Does technology enable relationships and liberate us to be more human together? Or does it do that exact opposite?
Let’s ask Holly Herndon – one of the most important experimental artists around – that very question.
Since her arrival in the music scene in 2012, she has successfully mined the edges of electronic and avant-garde pop. Her laptop has become her most intimate instrument, she has claimed. Using it as an instrument, she built her own voice processing systems to be used for live performances.
Holly Herndon recently received her PhD in composition from Stanford University, and with her club music connections and Radiohead support slots, she straddles the divide between academia and pop culture in very exciting ways.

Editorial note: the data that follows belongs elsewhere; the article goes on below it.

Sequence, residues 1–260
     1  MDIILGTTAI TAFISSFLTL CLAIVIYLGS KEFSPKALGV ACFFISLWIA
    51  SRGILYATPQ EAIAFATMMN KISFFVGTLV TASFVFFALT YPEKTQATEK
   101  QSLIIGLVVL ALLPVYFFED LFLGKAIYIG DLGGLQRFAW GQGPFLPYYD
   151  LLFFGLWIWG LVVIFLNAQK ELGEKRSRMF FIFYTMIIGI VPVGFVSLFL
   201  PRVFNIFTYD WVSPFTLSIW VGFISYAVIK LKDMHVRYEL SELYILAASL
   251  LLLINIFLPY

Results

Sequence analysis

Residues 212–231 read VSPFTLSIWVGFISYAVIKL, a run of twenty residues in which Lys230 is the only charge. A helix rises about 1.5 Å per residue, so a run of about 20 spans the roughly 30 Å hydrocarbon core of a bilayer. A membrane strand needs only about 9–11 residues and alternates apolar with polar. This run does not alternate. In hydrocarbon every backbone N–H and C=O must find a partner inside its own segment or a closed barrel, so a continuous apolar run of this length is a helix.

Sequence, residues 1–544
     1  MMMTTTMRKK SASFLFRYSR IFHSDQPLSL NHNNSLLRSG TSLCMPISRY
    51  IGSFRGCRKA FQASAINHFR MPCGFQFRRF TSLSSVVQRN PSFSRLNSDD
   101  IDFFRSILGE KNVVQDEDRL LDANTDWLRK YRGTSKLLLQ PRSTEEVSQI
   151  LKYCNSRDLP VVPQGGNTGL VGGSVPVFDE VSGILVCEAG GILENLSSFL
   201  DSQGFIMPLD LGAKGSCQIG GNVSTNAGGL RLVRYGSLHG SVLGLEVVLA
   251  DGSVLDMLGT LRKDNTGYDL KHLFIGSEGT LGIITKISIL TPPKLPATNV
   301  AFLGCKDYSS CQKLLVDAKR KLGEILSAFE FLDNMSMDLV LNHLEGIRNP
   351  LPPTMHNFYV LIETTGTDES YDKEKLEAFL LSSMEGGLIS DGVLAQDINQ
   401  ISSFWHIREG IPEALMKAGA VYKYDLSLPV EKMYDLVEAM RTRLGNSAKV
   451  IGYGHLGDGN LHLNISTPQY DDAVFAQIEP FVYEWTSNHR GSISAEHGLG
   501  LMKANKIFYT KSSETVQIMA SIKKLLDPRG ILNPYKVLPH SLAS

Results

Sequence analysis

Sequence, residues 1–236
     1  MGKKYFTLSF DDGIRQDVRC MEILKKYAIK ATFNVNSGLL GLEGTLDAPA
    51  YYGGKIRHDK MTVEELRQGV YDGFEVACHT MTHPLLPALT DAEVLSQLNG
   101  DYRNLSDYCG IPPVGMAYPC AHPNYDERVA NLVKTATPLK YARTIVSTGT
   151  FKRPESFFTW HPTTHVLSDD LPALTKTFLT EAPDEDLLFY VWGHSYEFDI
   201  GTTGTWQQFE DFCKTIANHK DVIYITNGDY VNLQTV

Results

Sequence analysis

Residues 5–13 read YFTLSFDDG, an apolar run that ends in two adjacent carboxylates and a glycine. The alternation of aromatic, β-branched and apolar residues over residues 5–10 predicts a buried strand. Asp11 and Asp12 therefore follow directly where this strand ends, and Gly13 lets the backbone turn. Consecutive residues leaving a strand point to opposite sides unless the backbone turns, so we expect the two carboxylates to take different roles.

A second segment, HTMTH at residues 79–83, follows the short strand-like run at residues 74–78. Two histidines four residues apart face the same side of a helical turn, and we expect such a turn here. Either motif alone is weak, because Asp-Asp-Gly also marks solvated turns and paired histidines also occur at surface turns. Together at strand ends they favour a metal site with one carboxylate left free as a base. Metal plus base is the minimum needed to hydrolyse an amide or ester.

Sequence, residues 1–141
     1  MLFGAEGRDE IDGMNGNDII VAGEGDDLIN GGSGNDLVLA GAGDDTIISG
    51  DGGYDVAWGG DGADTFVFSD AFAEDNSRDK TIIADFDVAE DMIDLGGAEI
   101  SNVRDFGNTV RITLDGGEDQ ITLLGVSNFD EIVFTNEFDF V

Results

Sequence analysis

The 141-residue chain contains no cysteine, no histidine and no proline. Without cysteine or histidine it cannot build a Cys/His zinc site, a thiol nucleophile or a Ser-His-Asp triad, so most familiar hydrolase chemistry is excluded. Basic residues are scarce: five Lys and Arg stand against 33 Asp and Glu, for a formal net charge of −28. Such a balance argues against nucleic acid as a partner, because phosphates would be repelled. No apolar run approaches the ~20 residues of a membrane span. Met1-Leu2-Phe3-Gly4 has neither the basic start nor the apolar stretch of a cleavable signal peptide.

For her latest album, PROTO (2019), she put together an ensemble of singers. She also made an AI and named it Spawn. During rehearsals with her human choir, Spawn listened to what the group was composing and mimicked it to create music of its own.
As you can imagine, the human voice is the central instrument in this project. And it works in many mysterious and wondrous ways. If you listen to the heavenly pop anthem “Eternal”, you can’t really make out the words but the sound channels something divine. At other times (“Bridge”) it sounds a bit scary, like a female version of HAL 9000 under water.
All the voices are often heavily digitally processed, blurring out the division between human and robot. The question is if it’s comforting or the opposite?
When Holly Herndon sets up her gear at Roskilde Festival, Spawn will be there somewhere in the sound. This concert will be living proof that AI and art can co-exist in non-predictable and exciting ways.